Her name was Svadhā. Her lotus-feet were situated on one hundred lotuses. She was the wife of the Pitris. Her face resembled that of a lotus and Her eyes looked like water lilies. She was born of the lotus born Brahmā. The Grand-father Brahmā made over that daughter of the nature of Tuṣṭi (Contentment) to the hands of the Pitris and they were satisfied. Brahmā advised the Brāhmaṇas privately that whenever they would offer anything to the Pitris, they should offer duly with the mantra Svadhā pronounced at the end. Since then the Brāhmaṇas are offering everything to the Pitris, with the Mantra Svadhā uttered in the end.

Svāhā is laudable, when offerings are presented to the Gods and Svadhā is commendable when offerings are made to the Pitris. But in both the cases, Dakṣiṇā is essential. Without Dakṣiṇā (sacrificial fee), all sacrifices are useless and worthless. The Pitris, Devatās, Brāhmaṇas, the Munis, the Manus worshipped the peaceful Svadhā and chanted hymns to Her with great love. The Devas, Pitris, Brāhmaṇas, all were pleased and felt their ends achieved when they got the boon from Svadhā Devī.”

Source: Wisdom Library: Śrīmad Devī Bhāgavatam

Svadhā (स्वधा):—Name of one of the goddesses to be worshipped during Āvaraṇapūjā (“Worship of the Circuit of Goddesses”), according to the Durgāpūjātattva (“The truth concerning Durgā’s ritual”). They should be worshipped with either the five upācāras or perfume and flowers.

Her mantra is as follows:

ह्रीं ओं स्वधायै नमः
hrīṃ oṃ svadhāyai namaḥ

Source: Wisdom Library: Śāktism
Shaktism book cover
context information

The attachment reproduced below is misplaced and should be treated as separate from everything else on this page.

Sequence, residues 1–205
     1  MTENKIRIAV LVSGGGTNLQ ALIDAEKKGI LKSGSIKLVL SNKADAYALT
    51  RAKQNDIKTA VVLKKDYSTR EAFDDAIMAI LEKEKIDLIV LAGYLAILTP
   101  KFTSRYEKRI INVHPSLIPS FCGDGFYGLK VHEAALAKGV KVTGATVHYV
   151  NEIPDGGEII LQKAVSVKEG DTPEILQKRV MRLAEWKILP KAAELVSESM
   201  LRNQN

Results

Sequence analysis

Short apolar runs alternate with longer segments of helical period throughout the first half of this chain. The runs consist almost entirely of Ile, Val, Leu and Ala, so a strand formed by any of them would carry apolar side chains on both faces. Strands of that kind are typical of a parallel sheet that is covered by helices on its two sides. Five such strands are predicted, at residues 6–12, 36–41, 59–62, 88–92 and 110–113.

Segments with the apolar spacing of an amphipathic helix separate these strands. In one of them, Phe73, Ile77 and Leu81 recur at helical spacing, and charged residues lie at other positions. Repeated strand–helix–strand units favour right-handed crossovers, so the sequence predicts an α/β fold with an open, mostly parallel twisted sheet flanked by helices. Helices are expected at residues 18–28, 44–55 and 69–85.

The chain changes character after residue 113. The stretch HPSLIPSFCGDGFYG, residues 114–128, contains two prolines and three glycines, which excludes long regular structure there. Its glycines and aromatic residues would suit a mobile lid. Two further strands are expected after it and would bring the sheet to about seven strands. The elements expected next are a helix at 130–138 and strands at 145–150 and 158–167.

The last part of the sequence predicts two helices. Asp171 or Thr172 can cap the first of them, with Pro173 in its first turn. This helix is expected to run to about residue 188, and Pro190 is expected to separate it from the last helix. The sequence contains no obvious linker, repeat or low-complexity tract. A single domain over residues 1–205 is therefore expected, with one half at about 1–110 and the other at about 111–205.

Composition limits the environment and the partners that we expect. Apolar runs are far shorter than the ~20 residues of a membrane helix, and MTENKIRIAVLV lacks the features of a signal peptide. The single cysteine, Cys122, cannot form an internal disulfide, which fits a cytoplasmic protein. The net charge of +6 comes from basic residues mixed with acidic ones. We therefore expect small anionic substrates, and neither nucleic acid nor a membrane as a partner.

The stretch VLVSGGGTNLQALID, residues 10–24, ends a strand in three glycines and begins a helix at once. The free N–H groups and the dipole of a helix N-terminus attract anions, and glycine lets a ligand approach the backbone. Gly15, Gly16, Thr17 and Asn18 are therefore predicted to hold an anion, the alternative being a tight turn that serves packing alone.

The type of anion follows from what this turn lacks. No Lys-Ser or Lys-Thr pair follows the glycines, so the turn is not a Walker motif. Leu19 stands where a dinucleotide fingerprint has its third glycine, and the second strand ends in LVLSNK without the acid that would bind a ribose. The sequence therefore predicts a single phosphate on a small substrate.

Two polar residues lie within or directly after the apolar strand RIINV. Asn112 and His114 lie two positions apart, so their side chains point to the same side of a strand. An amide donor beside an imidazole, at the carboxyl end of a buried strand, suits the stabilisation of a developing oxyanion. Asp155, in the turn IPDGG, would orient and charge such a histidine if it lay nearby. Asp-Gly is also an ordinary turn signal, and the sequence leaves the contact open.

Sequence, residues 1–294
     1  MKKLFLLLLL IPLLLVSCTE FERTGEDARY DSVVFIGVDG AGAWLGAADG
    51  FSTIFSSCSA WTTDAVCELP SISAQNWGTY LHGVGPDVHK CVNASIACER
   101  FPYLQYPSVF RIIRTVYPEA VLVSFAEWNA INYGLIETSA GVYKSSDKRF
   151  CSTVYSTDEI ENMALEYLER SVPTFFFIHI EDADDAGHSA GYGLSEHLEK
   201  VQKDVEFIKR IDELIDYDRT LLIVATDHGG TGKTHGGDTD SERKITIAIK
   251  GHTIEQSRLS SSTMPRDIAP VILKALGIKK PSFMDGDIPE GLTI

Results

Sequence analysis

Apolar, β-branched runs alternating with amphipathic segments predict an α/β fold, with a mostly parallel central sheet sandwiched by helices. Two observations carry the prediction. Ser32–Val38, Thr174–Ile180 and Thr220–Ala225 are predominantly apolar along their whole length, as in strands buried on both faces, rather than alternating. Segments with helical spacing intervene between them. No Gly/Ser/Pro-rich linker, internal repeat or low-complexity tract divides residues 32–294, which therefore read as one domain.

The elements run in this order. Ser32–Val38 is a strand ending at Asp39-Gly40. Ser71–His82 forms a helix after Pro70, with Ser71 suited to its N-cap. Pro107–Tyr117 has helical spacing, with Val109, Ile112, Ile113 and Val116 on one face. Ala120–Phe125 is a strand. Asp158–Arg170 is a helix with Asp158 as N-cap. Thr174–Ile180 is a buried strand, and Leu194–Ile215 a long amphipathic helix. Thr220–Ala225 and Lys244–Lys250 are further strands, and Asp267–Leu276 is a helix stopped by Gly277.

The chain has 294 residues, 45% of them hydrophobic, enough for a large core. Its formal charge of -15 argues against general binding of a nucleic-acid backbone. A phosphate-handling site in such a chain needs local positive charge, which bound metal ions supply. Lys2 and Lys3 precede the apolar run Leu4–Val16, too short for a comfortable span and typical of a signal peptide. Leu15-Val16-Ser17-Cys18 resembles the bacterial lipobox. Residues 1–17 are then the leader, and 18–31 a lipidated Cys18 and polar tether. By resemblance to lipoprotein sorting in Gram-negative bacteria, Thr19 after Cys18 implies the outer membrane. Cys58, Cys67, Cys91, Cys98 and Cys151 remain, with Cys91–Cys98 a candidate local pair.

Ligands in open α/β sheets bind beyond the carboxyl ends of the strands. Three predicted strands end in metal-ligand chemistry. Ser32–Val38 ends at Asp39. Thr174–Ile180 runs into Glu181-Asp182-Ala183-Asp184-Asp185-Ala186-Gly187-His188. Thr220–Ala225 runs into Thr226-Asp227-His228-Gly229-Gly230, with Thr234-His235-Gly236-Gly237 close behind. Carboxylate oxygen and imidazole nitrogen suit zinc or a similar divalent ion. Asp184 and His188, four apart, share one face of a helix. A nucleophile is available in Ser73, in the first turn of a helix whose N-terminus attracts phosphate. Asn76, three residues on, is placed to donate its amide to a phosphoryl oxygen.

Shakta (शाक्त, śākta) or Shaktism (śāktism) represents a tradition of Hinduism where the Goddess (Devi) is revered and worshipped. Shakta literature includes a range of scriptures, including various Agamas and Tantras, although its roots may be traced back to the Vedas.

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General definition (in Hinduism)

1) Svadhā (स्वधा)—One of the eleven wives of Rudra, called a Rudrāṇī.

2) Svadhā (स्वाहा, “invocation of the ancestors”):—She is the second wife of Agni, one of the most important Vedic gods representing divine illumination.

Source: Wisdom Library: Hinduism

A reference to ancestral rites (in the Ṛg-Veda).

Source: Google Books: Feeding the Ancestors: Ancestor Worship in Ancient Hinduism and Buddhism

Languages of India and abroad

Sanskrit-English dictionary

Svadhā (स्वधा).—[svad-ā-pṛṣo° dasya dhaḥ]

1) One's own nature or determination, spontaneity.

2) One's own will or pleasure.

3) The oblation of food offered to the Pitṛs or Manes of deceased ancestors; स्वधासंग्रहतत्पराः (svadhāsaṃgrahatatparāḥ) R.1.66; Ms.9.142; Y.1.12.

4) The food offered to the Manes personified.

5) Food or oblation in general.

6) One's own portion or share.

7) A Śrāddha or funeral ceremony; Ms.2.142.

8) Name of Māyā or illusion. ind. An exclamation uttered on offering an oblation to the Manes (with dat.); पितृभ्यः स्वधा (pitṛbhyaḥ svadhā) Sk.

Source: DDSA: The practical Sanskrit-English dictionary
context information

Sanskrit, also spelled संस्कृतम् (saṃskṛtam), is an ancient language of India commonly seen as the grandmother of the Indo-European language family. Closely allied with Prakrit and Pali, Sanskrit is more exhaustive in both grammar and terms and has the most extensive collection of literature in the world, greatly surpassing its sister-languages Greek and Latin.